Numbers, people

Aslı Erdoğan never shies away from sensitive topics. She is one of the foremost young writers in Turkey, and she has never stopped writing about civil rights for the Kurdish people, about women’s rights, and in the defense of freedom of speech. She lives in Switzerland, where she had to seek asylum from a prison sentence in her home country. Here she writes for the Dissident Blog about what passes for ‘normality’ in today’s Turkey. 

September 27 2012 Text: Aslı Erdoğan Translation from Turkish: Tural Afandi Photo: Ugur Bektas

“This cold is not one that can be measure by thermometers. It the coldness of a mass grave that rejects becoming soil, keeping silent, becoming accomplice … Human bones screaming even after twenty or thirty years later … My husband was detained 19 times, and he never came back when he was detained for the 20th time … Could this skull, which was skinned alive, be my daughter? Was she still alive …”

The number of known mass graves in Turkey: 113, the number of the dead in them: 1538.

I don’t know if this number, the number until 2011 which I only recently had access to, includes the mass grave found in Dargeçit. In February 2012, human bones were found in a well. A burnt leg bone, skulls … They were killed by torture, burnt and thrown into a well which was then covered with rocks.

“This cold is the coldness of the gun barrel pointed to the temple of a child, who was woken up from sleep, confused, during one of the mass detentions, in one of those ordinary mornings when hundreds of houses, offices, associations, newspapers and trade unions were raided …”

In simultaneous operations, 103 locations in 16 cities were raided. The number of detentions known so far: 130.

Some of the raided locations: Diyarbakır Provincial Building and many district buildings of Party for Peace and Democracy, office of the Ecology and Local Administrations, Mesopotamia Cultural Center, Dicle Cultural Center, Diyarbakır branch of the Human Rights Association, Headquarters of Confederation of Public Laborers’ Unions, Aram Tigran Conservatory.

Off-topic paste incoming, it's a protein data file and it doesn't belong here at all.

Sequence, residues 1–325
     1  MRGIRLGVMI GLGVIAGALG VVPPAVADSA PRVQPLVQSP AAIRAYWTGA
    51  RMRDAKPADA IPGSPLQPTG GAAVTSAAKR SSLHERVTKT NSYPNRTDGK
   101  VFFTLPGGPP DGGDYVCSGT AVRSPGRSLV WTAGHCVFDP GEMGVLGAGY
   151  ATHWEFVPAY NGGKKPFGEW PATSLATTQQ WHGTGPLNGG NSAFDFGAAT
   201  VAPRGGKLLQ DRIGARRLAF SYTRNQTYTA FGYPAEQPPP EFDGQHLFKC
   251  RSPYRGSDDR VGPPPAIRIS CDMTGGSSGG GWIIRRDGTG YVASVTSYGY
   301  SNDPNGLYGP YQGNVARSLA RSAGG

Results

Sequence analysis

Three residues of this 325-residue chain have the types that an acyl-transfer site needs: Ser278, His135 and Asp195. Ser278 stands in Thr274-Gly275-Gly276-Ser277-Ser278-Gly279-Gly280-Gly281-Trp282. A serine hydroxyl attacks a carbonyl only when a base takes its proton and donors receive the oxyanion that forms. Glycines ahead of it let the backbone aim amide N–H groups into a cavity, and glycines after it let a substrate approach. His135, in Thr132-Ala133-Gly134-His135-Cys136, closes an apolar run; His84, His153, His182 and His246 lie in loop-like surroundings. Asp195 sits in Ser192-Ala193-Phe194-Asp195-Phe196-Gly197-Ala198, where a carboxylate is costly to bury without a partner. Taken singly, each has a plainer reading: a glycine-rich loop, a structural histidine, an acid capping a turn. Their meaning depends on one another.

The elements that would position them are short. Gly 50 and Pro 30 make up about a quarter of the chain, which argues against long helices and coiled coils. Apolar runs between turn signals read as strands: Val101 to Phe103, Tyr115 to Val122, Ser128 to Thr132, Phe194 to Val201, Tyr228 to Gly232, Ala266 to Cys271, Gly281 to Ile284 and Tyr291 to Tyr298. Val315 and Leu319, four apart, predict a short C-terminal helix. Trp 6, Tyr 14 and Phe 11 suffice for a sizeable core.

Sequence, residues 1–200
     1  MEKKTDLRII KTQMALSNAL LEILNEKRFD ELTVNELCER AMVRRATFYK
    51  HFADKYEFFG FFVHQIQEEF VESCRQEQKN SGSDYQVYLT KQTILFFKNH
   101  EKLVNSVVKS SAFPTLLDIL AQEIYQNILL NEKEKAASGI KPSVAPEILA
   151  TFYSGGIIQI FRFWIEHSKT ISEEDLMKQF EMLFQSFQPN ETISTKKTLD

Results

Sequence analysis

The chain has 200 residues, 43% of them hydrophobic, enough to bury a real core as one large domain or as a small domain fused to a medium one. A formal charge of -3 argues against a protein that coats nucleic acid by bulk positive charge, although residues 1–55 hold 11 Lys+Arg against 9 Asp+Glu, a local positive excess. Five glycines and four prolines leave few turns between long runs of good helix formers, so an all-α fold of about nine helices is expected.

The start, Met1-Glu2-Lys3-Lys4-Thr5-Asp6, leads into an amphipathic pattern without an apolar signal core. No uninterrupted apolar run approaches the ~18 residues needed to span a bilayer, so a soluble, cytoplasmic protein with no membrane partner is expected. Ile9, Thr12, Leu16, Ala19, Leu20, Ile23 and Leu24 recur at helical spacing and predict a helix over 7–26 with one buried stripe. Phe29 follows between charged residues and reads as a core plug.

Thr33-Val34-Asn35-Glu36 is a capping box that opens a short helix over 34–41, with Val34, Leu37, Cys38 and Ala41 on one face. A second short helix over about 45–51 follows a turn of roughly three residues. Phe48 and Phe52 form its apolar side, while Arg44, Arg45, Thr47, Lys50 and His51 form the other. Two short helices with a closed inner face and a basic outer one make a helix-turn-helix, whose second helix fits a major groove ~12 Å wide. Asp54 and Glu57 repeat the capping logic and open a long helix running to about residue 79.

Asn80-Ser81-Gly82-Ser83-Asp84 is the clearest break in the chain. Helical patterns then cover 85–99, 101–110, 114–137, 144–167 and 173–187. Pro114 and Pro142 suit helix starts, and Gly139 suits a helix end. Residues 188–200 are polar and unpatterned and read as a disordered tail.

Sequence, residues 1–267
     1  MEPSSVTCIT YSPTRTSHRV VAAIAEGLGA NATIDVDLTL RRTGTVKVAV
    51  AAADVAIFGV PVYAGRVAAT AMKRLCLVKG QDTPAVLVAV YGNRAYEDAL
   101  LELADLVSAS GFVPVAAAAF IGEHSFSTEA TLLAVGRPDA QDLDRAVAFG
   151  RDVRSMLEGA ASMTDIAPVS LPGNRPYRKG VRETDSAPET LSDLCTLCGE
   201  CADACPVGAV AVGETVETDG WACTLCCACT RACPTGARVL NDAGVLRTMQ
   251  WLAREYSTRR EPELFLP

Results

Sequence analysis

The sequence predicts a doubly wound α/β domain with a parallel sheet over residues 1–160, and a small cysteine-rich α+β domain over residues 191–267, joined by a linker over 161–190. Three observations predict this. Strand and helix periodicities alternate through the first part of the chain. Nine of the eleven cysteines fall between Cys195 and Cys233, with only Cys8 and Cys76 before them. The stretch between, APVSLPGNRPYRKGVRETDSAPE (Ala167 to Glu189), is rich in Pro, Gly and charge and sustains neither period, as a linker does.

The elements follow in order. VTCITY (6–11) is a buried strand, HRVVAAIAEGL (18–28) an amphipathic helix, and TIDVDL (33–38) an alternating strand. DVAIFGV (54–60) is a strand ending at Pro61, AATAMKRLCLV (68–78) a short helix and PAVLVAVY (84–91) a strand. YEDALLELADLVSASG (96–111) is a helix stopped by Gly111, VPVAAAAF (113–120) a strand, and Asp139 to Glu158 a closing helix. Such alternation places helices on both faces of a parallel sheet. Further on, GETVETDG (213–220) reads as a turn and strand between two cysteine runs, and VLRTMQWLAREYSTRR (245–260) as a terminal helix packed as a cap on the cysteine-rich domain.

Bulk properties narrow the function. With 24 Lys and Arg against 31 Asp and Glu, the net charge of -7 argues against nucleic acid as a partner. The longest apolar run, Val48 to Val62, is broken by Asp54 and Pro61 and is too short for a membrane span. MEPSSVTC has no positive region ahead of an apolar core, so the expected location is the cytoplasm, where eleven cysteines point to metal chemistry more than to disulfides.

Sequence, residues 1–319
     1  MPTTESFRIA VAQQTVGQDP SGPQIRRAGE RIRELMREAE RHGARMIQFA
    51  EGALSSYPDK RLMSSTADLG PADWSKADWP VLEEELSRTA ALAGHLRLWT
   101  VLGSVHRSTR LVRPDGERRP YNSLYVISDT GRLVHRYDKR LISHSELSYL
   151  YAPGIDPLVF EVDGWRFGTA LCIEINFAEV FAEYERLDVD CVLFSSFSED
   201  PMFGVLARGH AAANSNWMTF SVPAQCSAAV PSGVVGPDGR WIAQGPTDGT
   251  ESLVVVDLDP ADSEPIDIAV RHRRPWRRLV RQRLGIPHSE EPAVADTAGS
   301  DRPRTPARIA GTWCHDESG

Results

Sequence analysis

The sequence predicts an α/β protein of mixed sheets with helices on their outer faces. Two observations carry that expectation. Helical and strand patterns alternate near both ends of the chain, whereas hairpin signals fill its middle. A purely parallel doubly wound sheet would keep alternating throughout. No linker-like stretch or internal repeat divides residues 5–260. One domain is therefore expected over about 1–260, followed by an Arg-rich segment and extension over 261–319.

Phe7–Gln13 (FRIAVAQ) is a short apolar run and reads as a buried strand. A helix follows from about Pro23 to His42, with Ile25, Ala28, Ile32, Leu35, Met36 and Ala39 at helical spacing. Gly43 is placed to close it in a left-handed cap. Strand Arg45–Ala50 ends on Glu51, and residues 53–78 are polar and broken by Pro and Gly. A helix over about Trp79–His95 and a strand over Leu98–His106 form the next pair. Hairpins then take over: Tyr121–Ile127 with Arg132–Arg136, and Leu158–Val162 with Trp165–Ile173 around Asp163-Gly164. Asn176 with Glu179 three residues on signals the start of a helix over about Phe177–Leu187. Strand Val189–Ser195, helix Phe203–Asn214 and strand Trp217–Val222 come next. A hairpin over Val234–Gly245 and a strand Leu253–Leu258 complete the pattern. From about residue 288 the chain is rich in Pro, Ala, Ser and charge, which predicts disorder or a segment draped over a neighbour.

The news of an ordinary day in February: 5 elected people, including 2 mayors, were dismissed from office … 25 out of 29 members of the Kızıltepe Municipal Assembly are under arrest … 6 villagers were detained…

KCK operations continued yesterday, 31 people were added to 149 detained the former day. (18 trade unionists were detained during the raids at the headquarters of the Confederation of Public Laborers’ Unions, Healthcare Laborers’ Union and Municipal Workers’ Union.) 6 people, including 5 children were detained in Van … 14 out of 42 detained in Adana and Mersin were arrested … 4 of those detained in Van, Erciş were arrested (February 15, 2012).

“The coldness felt by those who hear the command ‘Take off your clothes!’ for the first time, on one of those snowy days when the heating didn't work, after being locked up in jails in groups of ten, twenty, forty or fifty …”

The weekend work of the police: 62 detentions (February 13).

21 of those who were detained early this week were arrested. Those arrested include 9 trade unionist women (February 18).

Detentions went on in Batman, Van, Mardin and Mersin yesterday and the previous day. A total of 21 people was arrested in two days … 10 detentions in Batman … 35 were detained in Mersin (February 20).

“The coldness of the words that froze without encountering a single human heart … This cold is the coldness of numbers …”

The number of detentions in January and February is declared to be 1069. Today, 106 journalists are in Turkish prisons. The majority of them are employees of Dicle New Agency, Azadiya Welat and Özgür Gündem … 30 distributors were also arrested.

The court demands 22 years and 8 months of imprisonment for Ferhat Çiftçi, Nuh Taş and Sibet Mustafaoğlu who work at Azadiya Welat. 47 years of imprisonment is demanded for Sebahattin Sürmeli, the editor of Özgür Halk (Free People). The first three journalists arrested under the new Anti-Terror Law, Sedat Şenoloğlu, the publishing coordinator of Atılım newspaper, Bayram Namaz, a columnist of the same newspaper, and Füsun Erdoğan, the broadcasting coordinator of Özgür Radyo, are under arrest for SIX years …

The clothes that were found with the human bones thrown into the well in Dargeçit were recognized by the relatives. The ages of those who were tortured to death were: Davut, 13; Seyhan, 14; Nedim, 16; Mehmet Emin, 19; Abdurrahman, 20; Hikmet, 24. (They would be in their thirties today.) Hami, who was detained with his elder brother, and was tortured with electricity, pressurized water, Palestinian hanging, was 11 while some say he was only 9. He saw Seyhan totally black and blue on the Palestinian hanging.

I would like to write a closing line but I am all exhausted. This article, which could neither begin nor end, will be comprised of numbers.

Numbers: eleven or nine! People …